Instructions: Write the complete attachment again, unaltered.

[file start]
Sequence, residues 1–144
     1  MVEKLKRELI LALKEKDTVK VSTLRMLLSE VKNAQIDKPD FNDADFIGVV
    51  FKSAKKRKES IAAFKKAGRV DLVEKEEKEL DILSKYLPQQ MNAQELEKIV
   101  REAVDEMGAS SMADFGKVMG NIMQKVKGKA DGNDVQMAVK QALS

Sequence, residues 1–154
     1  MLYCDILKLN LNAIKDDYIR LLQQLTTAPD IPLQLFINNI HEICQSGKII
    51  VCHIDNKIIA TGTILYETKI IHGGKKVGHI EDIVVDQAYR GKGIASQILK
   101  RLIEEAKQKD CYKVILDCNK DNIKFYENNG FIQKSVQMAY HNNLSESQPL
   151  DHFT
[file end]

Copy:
Sequence, residues 1–144
     1  MVEKLKRELI LALKEKDTVK VSTLRMLLSE VKNAQIDKPD FNDADFIGVV
    51  FKSAKKRKES IAAFKKAGRV DLVEKEEKEL DILSKYLPQQ MNAQELEKIV
   101  REAVDEMGAS SMADFGKVMG NIMQKVKGKA DGNDVQMAVK QALS

Sequence, residues 1–154
     1  MLYCDILKLN LNAIKDDYIR LLQQLTTAPD IPLQLFINNI HEICQSGKII
    51  VCHIDNKIIA TGTILYETKI IHGGKKVGHI EDIVVDQAYR GKGIASQILK
   101  RLIEEAKQKD CYKVILDCNK DNIKFYENNG FIQKSVQMAY HNNLSESQPL
   151  DHFT